Google on Tuesday appealed the biggest ever anti-trust fine by the EU, which imposed a 4.34 billion euro ($5 billion) penalty on the US tech giant for illegally abusing the dominance of its operating system for mobile devices. – Agence France-Presse

One of the top Republicans in Congress wants Amazon, Apple and information technology company Super Micro to hold a congressional briefing over concerns about a hardware hack reportedly carried out against them by the Chinese government. – The Hill

The Department of Defense’s (DOD) weapon systems feature cyber vulnerabilities that leave them susceptible to attack, according to a new government report released Tuesday. – The Hill

An independent auditing firm signed off on Google’s privacy practices earlier this year after the internet giant had discovered a software bug that exposed private information on potentially hundreds of thousands of users. – The Hill

A U.S. telecommunications company has reportedly discovered “manipulated” hardware from chip maker Super Micro. The revelation comes days after a report said that motherboards made by the company were modified to let Chinese hackers into the computer systems that installed the chips. – The Hill

William A. Carter writes: Procurement is a critical component of the larger challenge of rethinking federal government cybersecurity. At the federal level, security is traditionally viewed as a problem that is solved from headquarters looking outwards with the goal of securing a fixed network and perimeter. In today’s changing IT environment, that is no longer sufficient. – Center for Strategic and International Studies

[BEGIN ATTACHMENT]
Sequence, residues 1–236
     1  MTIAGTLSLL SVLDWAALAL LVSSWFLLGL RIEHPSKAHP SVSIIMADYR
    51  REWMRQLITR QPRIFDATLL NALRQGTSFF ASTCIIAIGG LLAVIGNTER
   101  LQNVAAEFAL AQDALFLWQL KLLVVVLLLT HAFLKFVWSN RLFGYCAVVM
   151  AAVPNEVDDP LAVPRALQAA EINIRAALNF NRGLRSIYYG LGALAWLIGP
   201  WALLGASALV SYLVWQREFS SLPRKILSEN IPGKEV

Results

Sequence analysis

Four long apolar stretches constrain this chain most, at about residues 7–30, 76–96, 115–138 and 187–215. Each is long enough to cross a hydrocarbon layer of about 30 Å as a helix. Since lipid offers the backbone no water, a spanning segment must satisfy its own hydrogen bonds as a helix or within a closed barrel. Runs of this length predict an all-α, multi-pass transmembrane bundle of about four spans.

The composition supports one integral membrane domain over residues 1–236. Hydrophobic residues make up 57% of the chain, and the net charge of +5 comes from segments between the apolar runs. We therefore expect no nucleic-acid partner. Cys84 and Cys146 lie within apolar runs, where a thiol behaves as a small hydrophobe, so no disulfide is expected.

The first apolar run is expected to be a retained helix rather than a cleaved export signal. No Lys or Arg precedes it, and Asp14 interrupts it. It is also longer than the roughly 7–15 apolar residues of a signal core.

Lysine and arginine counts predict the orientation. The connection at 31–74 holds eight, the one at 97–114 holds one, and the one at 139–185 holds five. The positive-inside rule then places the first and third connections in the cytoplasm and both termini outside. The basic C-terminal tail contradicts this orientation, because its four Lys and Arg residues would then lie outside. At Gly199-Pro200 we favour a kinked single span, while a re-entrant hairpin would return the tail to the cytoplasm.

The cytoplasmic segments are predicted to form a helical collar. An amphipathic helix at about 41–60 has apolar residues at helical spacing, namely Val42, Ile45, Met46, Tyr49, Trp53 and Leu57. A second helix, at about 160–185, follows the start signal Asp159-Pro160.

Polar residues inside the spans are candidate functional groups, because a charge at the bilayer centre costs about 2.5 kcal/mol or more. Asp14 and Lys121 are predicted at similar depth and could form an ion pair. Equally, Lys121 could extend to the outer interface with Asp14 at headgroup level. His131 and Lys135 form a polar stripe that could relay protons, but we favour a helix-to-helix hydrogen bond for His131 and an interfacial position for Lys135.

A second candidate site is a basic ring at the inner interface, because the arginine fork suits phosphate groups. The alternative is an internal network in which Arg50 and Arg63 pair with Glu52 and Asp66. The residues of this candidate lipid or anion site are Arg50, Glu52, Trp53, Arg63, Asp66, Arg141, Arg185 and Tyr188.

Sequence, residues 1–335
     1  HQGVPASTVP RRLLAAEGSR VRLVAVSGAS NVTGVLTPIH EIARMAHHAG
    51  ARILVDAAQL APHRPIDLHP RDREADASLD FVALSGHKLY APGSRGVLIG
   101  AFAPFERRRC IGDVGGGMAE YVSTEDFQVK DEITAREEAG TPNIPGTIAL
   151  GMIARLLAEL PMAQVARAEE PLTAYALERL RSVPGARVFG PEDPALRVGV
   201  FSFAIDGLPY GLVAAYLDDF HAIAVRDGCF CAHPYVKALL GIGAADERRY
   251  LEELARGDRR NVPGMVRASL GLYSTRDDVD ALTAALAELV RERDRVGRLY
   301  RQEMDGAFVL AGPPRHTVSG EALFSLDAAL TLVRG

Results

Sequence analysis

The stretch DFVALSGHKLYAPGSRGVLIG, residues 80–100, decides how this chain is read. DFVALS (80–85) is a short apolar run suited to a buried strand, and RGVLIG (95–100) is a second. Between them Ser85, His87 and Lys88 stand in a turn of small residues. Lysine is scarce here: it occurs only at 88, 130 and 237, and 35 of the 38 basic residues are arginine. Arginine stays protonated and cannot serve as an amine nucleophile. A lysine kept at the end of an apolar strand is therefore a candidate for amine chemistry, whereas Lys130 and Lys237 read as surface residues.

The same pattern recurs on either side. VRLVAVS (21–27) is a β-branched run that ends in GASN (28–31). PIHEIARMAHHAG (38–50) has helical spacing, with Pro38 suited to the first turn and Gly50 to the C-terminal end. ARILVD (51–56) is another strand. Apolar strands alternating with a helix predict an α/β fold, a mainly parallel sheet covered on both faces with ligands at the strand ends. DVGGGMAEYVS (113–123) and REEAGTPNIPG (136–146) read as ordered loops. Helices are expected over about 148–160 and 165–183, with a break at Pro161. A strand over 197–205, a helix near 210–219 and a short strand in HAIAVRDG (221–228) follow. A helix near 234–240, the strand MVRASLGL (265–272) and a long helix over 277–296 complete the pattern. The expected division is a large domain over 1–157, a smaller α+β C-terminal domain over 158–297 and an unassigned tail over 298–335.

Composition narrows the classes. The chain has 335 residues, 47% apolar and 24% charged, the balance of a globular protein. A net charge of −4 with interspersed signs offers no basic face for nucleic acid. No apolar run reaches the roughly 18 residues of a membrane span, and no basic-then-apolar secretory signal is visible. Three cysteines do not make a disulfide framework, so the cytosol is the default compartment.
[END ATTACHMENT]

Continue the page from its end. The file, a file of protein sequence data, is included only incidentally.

Pentagon leadership has set an aggressive timeline to improve the health of the Navy’s strike fighter force, according to a new directive from Secretary of Defense Jim Mattis obtained by USNI News. – USNI News

The Department of Homeland Security and the Pentagon are working more closely together on how to neutralize border security threats such as weaponized drones, improvised explosive devices, and malware, Homeland Security Secretary Kirstjen Nielsen announced Tuesday afternoon. – Washington Examiner

Sales of U.S. military equipment to foreign governments rose 33 percent to $55.6 billion in the fiscal year ended Sept. 30, a U.S. official told Reuters on Tuesday, as looser restrictions on sales have begun to increase arms deals. – Reuters

Secretary of Defense Jim Mattis has ordered the Air Force and Navy to get mission capable rates for four key tactical aircraft up above 80 percent by the end of next September, a daunting challenge given the current readiness rates of America’s fighter fleets. – Defense News